Thanks for keeping my blog fed, my dear!

At 9:16 AM, Blogger kenju said...

I love these mini-history and travel lectures! Keep them coming, please.

At 1:01 PM, Blogger EdWonk said...

Great synopsis of the burial process. We've been in New Orleans many times (We like to stay at a small hotel right off Bourbon) and it's never boring. (Matter of fact, both the WifeWonk and TeenWonk consider New Orleans second only to Quebec City as their North American favorites.) For years, Ann Rice's home phone number was semi-public and she would always leave the most entertaining and fun messages recorded on her machine for fans.

At 11:31 PM, Blogger Hannah said...

Ooh, I like quebec city too. It's a little tourist-ified but I guess that's what it takes to keep the buildings from falling down!

At 3:11 PM, Anonymous Anonymous said...

I'm a New Orleanian by birth (though I've lived outside the city for several years) and, yes, my family has a tomb -- actually three -- in the cemeteries.

Does three sound weird? It's not. My father's family -- his parents and uncles and aunts -- have one. It's pretty plain, with just a couple of last names inscribed on a raised mound. On the other hand, my mother had one tomb from her father's side and another from her mother's side -- which came in pretty handy, since her parents didn't get along. Today, my maternal grandparents are buried in two different cemeteries across the street from one another.

My favorite is my maternal grandmother's tomb. Due to one of those accidents of family, it has passed down in the maternal line for several generations, leading to a group of maybe four or five different surnames on the different inscriptions. I hope that if I die someday on a visit to New Orleans, I'll be buried in that one, which has the name Denis McCarthy on it. Denis was -- what? -- my grandmother's great great uncle? Something like that. I think he came to New Orleans during the potato famine.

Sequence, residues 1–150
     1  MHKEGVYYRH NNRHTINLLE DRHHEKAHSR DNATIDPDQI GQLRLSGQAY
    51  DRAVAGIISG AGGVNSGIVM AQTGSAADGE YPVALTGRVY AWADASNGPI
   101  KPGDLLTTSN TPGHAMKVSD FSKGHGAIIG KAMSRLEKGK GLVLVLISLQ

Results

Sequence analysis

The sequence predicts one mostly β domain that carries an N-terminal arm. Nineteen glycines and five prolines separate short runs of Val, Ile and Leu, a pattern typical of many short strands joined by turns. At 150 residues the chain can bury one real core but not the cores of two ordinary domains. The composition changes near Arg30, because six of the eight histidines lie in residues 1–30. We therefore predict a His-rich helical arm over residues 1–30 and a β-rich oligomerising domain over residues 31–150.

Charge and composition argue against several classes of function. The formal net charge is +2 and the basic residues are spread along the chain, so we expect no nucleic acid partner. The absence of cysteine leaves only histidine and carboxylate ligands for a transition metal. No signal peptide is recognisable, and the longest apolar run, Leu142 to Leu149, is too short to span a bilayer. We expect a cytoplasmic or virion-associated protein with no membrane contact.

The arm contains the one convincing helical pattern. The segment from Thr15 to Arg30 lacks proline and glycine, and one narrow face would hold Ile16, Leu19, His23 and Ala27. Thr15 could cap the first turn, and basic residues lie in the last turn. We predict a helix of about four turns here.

You don't have to be rich to have a tomb in New Orleans. You just have to have a family that's been around for awhile.

I've always loved the New Orleans cemeteries. The biggest ones are so large that you need to know the precise street corners within the cemeteries to find your tombs. My mother used to take me there occasionally "to visit the relatives", and she taught all of us, my siblings and cousins, to drive there. They're kind of ideal for the purpose -- like miniature cities, but with less traffic, and the houses are all pretty indestructible at ten miles an hour.

Katrina, of course, has affected all of us. My cousins and siblings and I have communicated by email and we plan to inspect the tombs the next time one of us visits town. We've agreed to pitch in together for whatever repairs might be necessary. Life -- and death, I guess -- goes on.

At 3:43 PM, Anonymous Anonymous said...

Re comment by Alex Lint: I ran across your comments about Denis McCarthy and was interested in knowing more about the names on the tomb in New Orleans and it's location. I have a great great grandfather whose name was Denis McCarthy and who also came to New Orleans from either Ireland or France. It could be the same person. It's a long shot with a comment this old but I hope you will come across this post and respond.